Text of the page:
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Gustav Klimt

Left: Gustav Klimt in his studio garden. Circa 1912-14. Photograph.

Right: Poster for the First Secession Exhibition. 1898. Private collection.

EXHIBITIONS (*INDICATES SOLO EXHIBITION)

Recent Acquisitions

(And Some Thoughts on the Current Art Market)

July 17, 2018 - October 19, 2018


Recent Acquisitions

(And Some Thoughts on the Current Art Market)

July 17, 2018 - October 19, 2018


Recent Acquisitions

(And Some Thoughts on the Current Art Market)

July 11, 2017 - October 13, 2017


The Woman Question

Gustav Klimt, Egon Schiele and Oskar Kokoschka

March 14, 2017 - June 30, 2017


Recent Acquisitions

(And Some Thoughts on the Current Art Market)

July 12, 2016 - October 7, 2016


Recent Acquisitions

(And Some Thoughts on the Current Art Market)

July 21, 2015 - October 16, 2015


Alternate Histories

Celebrating the 75th Anniversary of the Galerie St. Etienne

January 15, 2015 - April 11, 2015


Recent Acquisitions

(And Some Thoughts on the Current Art Market)

July 15, 2014 - September 26, 2014


Recent Acquisitions

And Some Thoughts on the Current Art Market

July 9, 2013 - September 27, 2013


Face Time

Self and Identity in Expressionist Portraiture

April 9, 2013 - June 28, 2013


Recent Acquisitions

(And Some Thoughts on the Current Art Market)

July 17, 2012 - October 13, 2012


The Lady and the Tramp

Images of Women in Austrian and German Art

October 11, 2011 - December 30, 2011


Recent Acquisitions

(And Some Thoughts on the Current Art Market)

July 5, 2011 - September 30, 2011


Recent Acquisitions

(And Some Thoughts on the Current Art Market)

July 13, 2010 - October 1, 2010


Recent Acquisitions

(And Some Thoughts on the Current Art Market)

June 24, 2008 - September 26, 2008


Transforming Reality

Pattern and Design in Modern and Self-Taught Art

January 15, 2008 - March 8, 2008


Recent Acquisitions

(And Some Thoughts on the Current Art Market)

June 5, 2007 - September 28, 2007


Who Paid the Piper?

The Art of Patronage in Fin-de-Siècle Vienna

March 8, 2007 - May 26, 2007


More Than Coffee was Served

Café Culture in Fin-de-Siècle Vienna and Weimar Germany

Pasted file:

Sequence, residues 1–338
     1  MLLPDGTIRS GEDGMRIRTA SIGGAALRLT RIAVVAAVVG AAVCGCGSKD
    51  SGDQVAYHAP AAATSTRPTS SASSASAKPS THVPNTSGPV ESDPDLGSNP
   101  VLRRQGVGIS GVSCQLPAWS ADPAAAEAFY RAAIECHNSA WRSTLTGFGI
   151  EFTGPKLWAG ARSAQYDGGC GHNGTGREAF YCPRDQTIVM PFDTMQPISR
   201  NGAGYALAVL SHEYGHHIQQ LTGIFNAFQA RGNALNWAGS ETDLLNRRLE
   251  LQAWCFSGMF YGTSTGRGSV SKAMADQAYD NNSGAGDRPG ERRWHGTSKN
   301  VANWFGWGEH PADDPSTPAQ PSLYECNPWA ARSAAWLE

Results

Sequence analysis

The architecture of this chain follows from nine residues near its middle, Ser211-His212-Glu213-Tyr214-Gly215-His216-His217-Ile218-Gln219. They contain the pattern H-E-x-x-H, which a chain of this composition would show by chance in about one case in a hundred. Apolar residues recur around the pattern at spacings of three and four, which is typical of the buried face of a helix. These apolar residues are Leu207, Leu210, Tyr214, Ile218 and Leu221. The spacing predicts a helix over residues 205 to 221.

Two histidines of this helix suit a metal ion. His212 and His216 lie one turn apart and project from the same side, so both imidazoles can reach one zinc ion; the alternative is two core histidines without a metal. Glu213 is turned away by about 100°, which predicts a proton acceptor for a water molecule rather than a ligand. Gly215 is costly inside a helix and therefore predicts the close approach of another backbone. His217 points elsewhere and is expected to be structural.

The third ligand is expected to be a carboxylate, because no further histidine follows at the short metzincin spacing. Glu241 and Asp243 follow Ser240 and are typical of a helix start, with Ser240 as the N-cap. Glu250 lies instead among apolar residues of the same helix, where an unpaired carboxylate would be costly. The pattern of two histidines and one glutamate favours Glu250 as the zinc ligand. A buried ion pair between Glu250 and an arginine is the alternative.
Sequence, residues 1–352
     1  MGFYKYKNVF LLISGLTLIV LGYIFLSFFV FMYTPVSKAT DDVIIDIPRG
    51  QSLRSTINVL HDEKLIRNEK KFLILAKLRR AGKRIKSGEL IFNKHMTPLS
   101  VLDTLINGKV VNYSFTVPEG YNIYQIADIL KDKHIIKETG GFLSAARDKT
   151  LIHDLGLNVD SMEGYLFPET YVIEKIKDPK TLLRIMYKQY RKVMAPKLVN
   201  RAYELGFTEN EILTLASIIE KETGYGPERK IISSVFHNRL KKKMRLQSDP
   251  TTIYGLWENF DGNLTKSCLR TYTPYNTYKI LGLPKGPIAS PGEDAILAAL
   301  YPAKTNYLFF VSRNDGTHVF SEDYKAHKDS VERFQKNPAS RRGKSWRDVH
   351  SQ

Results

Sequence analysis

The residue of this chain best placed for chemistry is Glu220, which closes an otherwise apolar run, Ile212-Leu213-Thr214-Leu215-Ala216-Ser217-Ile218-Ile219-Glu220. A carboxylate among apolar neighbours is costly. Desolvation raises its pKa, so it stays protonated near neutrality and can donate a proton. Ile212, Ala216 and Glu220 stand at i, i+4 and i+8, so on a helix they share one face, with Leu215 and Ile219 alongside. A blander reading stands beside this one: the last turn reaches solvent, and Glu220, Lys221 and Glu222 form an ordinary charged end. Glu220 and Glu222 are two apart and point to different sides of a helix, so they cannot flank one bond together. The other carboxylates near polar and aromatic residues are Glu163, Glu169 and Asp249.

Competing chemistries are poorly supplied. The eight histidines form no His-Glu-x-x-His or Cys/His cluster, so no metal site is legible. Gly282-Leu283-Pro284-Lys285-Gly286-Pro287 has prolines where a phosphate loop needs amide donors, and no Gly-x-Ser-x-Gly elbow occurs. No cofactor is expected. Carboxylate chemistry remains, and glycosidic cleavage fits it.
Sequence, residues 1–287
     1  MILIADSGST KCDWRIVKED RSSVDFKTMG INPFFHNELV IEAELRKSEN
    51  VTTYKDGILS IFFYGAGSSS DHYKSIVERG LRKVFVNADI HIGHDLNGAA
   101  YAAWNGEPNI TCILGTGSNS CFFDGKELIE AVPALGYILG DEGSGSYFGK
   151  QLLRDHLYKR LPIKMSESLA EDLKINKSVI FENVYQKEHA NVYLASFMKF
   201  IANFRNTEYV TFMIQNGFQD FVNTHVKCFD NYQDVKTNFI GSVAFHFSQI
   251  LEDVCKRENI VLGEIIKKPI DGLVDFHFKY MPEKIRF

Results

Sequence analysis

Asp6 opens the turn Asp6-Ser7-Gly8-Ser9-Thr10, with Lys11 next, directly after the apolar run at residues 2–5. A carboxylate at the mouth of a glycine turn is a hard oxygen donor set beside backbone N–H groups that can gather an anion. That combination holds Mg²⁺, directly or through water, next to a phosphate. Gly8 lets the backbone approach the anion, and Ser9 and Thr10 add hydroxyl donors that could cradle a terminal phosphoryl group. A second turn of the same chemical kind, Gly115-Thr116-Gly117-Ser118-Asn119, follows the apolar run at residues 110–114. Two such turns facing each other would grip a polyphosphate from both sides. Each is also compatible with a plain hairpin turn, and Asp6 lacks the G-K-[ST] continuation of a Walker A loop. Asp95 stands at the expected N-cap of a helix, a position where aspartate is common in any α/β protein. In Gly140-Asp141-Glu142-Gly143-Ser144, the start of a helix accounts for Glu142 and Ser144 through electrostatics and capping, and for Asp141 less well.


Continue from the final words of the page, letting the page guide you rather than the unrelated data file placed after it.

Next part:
September 19, 2006 - November 25, 2006


Recent Acquisitions

(And Some Thoughts on the Current Art Market)

June 6, 2006 - September 8, 2006


* Coming of Age

Egon Schiele and the Modernist Culture of Youth

November 15, 2005 - January 7, 2006


Recent Acquisitions

And Some Thoughts on the Current Art Market

June 7, 2005 - September 9, 2005


Every Picture Tells a Story

The Narrative Impulse in Modern and Contemporary Art

April 5, 2005 - May 27, 2005


65th Anniversary Exhibition, Part I

Austrian and German Expressionism

October 28, 2004 - January 8, 2005


Recent Acquisitions

(And Some Thoughts on the Current Art Market)

June 24, 2003 - September 12, 2003


In Search of the "Total Artwork"

Viennese Art and Design 1897–1932

April 8, 2003 - June 14, 2003


Recent Acquisitions

(And Some Thoughts on the Current Art Market)

June 25, 2002 - September 20, 2002


Gustav Klimt/Egon Schiele/Oskar Kokoscha

From Art Nouveau to Expressionism

November 23, 2001 - January 5, 2002


Recent Acquisitions (And Some Thoughts on the Current Art Market)

June 26, 2001 - September 7, 2001


From Façade to Psyche

Turn-of-the-Century Portraiture in Austria & Germany

March 28, 2000 - June 10, 2000


Saved From Europe

In Commemoration of the 60th Anniversary of the Galerie St. Etienne

November 6, 1999 - January 8, 2000


Recent Acquisitions

(And Some Thoughts About Looted Art)

June 9, 1998 - September 11, 1998


Taboo

Repression and Revolt in Modern Art

March 26, 1998 - May 30, 1998


Recent Acquisitions

A Question of Quality

June 10, 1997 - September 5, 1997


The Viennese Line

Art and Design Circa 1900

November 18, 1996 - January 4, 1997


Breaking All The Rules

Art in Transition

June 11, 1996 - September 6, 1996


The Fractured Form

Expressionism and the Human Body

November 15, 1995 - January 6, 1996


Recent Acquisitions

June 20, 1995 - September 8, 1995


On the Brink 1900-2000

The Turning of Two Centuries

March 28, 1995 - May 26, 1995


55th Anniversary Exhibition in Memory of Otto Kallir

June 7, 1994 - September 2, 1994


Symbolism and the Austrian Avant Garde

Klimt, Schiele and their Contemporaries

November 16, 1993 - January 8, 1994


Recent Acquisitions

June 8, 1993 - September 3, 1993


Naive Visions/Art Nouveau and Expressionism/Sue Coe: The Road to the White House

May 19, 1992 - September 4, 1992